As global social media use soars, financial criminals of all varieties increasingly leave digital evidence of fraud, insider trading, money laundering, corruption and other financial crimes in tweets and other online posts.
Capturing that evidence and using it for investigations and to build cases poses a challenge to regulators, enforcement agents and private sector risk and compliance officials. Investigators and prosecutors seeking to exploit social media evidence have been forced to contend with the ephemeral nature of the data and the uncertain boundaries between online speech and privacy rights.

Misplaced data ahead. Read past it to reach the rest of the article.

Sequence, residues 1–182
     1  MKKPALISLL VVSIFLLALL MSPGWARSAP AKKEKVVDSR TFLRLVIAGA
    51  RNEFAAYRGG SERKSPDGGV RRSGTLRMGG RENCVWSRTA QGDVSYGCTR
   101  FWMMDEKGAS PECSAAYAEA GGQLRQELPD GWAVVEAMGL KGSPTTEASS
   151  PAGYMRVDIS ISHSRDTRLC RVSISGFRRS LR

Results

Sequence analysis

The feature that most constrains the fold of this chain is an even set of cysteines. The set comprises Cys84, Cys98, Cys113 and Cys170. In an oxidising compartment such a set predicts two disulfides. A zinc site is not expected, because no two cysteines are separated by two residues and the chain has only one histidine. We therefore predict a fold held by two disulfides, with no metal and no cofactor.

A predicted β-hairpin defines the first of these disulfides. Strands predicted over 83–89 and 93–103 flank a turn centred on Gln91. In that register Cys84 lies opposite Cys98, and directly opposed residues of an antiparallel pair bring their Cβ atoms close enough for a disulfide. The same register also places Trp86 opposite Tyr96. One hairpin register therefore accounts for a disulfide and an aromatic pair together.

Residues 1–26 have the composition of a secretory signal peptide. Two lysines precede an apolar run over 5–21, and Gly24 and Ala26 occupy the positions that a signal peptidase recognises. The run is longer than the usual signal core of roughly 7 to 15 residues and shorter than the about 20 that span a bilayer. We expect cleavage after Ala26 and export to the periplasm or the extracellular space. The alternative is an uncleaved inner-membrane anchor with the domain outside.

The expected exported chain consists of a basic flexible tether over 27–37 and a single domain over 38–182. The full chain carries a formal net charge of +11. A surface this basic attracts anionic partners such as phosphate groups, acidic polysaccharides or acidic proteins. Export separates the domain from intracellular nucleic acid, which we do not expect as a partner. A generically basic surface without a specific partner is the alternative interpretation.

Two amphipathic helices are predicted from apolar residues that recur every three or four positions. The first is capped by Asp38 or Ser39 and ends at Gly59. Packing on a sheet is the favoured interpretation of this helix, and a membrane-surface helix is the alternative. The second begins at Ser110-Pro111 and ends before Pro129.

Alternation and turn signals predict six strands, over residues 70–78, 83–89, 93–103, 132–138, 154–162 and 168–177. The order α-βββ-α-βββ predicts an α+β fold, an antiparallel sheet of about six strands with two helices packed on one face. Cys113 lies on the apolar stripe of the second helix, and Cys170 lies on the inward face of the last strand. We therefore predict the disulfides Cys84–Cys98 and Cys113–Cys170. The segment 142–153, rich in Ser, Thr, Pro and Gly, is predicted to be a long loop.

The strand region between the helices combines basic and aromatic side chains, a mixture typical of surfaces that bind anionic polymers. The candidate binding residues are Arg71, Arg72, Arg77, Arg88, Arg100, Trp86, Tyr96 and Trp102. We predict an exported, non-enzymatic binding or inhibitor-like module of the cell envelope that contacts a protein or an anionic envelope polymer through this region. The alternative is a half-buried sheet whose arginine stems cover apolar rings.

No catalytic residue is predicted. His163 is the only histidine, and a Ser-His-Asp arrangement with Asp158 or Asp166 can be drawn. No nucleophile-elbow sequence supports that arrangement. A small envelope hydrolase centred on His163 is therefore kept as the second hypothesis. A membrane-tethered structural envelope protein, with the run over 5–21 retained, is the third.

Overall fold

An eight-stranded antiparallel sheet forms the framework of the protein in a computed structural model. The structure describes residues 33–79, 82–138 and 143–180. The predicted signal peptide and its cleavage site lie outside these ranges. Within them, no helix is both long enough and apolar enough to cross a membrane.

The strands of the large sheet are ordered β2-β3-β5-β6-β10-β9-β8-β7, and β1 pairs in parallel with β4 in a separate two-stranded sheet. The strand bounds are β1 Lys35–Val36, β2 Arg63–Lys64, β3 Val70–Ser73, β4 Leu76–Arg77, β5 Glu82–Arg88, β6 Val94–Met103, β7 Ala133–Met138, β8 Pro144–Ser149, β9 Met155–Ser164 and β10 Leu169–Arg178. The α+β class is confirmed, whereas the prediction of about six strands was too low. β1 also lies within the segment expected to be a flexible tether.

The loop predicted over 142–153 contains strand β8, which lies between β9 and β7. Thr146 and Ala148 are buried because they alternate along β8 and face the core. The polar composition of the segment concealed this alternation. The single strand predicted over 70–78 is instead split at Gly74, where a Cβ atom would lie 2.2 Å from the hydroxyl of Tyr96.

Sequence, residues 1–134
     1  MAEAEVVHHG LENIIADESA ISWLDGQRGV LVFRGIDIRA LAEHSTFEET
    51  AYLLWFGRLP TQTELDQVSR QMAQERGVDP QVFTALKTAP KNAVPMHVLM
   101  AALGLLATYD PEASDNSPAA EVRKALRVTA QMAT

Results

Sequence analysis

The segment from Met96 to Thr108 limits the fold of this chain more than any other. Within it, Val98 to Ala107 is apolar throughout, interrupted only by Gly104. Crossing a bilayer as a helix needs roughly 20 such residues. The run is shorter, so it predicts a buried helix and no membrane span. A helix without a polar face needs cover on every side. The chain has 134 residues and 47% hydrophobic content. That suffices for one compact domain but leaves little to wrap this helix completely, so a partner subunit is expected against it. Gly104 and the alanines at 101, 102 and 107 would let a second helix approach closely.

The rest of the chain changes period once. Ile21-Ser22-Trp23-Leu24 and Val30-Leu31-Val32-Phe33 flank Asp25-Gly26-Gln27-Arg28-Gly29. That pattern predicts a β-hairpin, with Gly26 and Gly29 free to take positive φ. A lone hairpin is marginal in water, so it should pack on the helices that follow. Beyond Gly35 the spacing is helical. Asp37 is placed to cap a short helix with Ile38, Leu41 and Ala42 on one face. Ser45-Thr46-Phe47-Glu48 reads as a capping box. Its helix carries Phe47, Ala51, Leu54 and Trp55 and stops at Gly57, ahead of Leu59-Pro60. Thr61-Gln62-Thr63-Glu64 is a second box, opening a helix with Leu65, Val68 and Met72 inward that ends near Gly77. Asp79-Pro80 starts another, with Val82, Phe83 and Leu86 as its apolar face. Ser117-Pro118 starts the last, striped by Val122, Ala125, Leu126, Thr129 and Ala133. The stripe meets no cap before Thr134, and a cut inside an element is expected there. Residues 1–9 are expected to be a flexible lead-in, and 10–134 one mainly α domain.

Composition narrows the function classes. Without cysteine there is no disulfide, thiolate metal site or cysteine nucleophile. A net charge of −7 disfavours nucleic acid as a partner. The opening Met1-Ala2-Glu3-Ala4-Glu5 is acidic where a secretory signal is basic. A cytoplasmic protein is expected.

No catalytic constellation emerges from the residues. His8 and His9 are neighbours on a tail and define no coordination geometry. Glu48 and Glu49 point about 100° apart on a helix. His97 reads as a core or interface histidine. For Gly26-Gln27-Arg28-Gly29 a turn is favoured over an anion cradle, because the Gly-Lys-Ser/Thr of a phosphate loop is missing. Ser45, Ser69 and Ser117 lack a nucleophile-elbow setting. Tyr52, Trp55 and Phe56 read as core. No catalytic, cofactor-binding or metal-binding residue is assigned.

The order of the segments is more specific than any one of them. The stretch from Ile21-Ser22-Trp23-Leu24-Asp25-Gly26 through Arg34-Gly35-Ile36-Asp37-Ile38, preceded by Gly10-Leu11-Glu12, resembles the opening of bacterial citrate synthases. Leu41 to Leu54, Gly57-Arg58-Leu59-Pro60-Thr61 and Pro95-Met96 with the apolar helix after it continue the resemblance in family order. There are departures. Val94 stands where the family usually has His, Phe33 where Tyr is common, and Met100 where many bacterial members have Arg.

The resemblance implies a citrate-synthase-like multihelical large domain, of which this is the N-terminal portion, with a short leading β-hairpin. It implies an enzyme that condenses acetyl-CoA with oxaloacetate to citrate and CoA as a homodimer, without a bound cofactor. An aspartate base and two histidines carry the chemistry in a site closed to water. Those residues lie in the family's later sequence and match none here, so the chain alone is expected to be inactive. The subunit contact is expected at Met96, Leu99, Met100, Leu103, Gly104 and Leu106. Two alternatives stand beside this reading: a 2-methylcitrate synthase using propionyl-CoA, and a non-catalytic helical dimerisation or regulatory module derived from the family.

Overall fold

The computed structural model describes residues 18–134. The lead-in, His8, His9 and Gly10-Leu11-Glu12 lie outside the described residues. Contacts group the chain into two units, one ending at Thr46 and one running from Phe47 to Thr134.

In a case that vividly illustrates the tension between privacy and the rising demand for personal data by government agencies around the world, Twitter for the first time this month invoked the “country withheld content” clause in its terms of service. It did so by blocking users in Germany from accessing the account of the neo-Nazi group, Besseres Hanover.